3D printer tiny house

These tiny homes are 3D printed from 100,000 recycled plastic bottles

These tiny homes are 3D printed from 100,000 recycled plastic bottles
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By Adele Peters2 minute Read

Backyard cottages have been hailed as a way to quickly add new rental space in cities with a shortage of housing. But they’re typically expensive to build.

In L.A., where the city government has been trying to nudge homeowners to build more ADUs, or accessory dwelling units, the average construction price for a new cottage starts at $150,000 and goes up to around $350,000, not including building plans, engineering work, and other expenses.

A startup called Azure Printed Homes is taking a different approach: By 3D-printing the roof, floor, and walls with recycled plastic, and building the rest of the home inside a factory, it keeps costs lower. A simple backyard studio apartment, with a tiny kitchen and a bathroom, starts at $39,900. The foundation, delivery, utility hookups, and other costs add about 25% to 30% to the total, but it’s still far less expensive than most alternatives.

In its factory in Culver City, near LAX Airport, the company is getting ready to print its first homes. The 3D printer can print the shell of the house—the floor, roof, and two walls—in a single day. In the walls, the printer includes channels for plumbing and wiring. The two other walls aren’t 3D printed, but pre-engineered panels with doors and windows.

“Day one is the print itself that creates that module shell,” says Ross Maguire, cofounder of Azure Printed Homes. “Then, by day two, we’re already wiring and plumbing inside that shell.” The robot squeezes out lines of plastic, a little like toothpaste from a tube, to form the structure. Other companies, including the nonprofit New Story and the startup Icon, have pioneered 3D-printed homes with concrete.

Azure wanted to use a lightweight material so homes can be built in its factory and then delivered to the site. Both 3D printing and prefab construction in a factory can speed up construction time and reduce labor, ultimately reducing costs. Azure also wanted to make use of a waste material and “repurpose a waste product that is kind of causing a headache globally,” Maguire says. A 180-square-foot ADU can use the equivalent of around 100,000 recycled water bottles. The company is working with various suppliers, and says there is no shortage, at least for now, of recycled plastic to use.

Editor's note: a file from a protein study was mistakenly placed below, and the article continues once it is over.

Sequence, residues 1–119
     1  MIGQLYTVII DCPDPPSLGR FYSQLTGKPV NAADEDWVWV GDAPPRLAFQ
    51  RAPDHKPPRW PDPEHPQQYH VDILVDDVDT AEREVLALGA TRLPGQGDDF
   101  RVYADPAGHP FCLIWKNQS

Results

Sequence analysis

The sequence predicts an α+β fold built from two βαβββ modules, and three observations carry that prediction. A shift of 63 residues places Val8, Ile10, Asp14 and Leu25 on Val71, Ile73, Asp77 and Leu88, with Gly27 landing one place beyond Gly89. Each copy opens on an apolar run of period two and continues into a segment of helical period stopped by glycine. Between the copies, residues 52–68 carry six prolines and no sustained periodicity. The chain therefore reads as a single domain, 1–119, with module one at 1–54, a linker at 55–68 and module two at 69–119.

In one of its first projects, the company is working with a developer to build a small group of cottages that can be used for short-term rentals, and it will be working through a waiting list of backyard cottage for homeowners. But it’s also in talks with groups that want to build tiny homes for people experiencing homelessness. The company can build larger single-family homes, and smaller modules could be stacked together to build multifamily housing. “You’re restricted by what you can ship, but there’s obviously no end to how many modules you can connect together to create different designs,” says Maguire.



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LA Startup Is Using Recycled Plastic to 3D Print Prefab Homes

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Azure Printed Homes
  • Los Angeles-based startup Azure is using recycled plastic to 3D print prefab homes.
  • The startup is now selling several models ranging from a backyard studio to a two-bedroom ADU.
  • Azure says it can build homes 70% faster and 30% cheaper than "traditional home construction methods."

Why "reduce, reuse, recycle" when you can just turn your plastic waste into homes?

A worker stands in front of a pile of plastic waste as machinery processes it at a facility in Japan. Makiko Tanigawa/Getty Images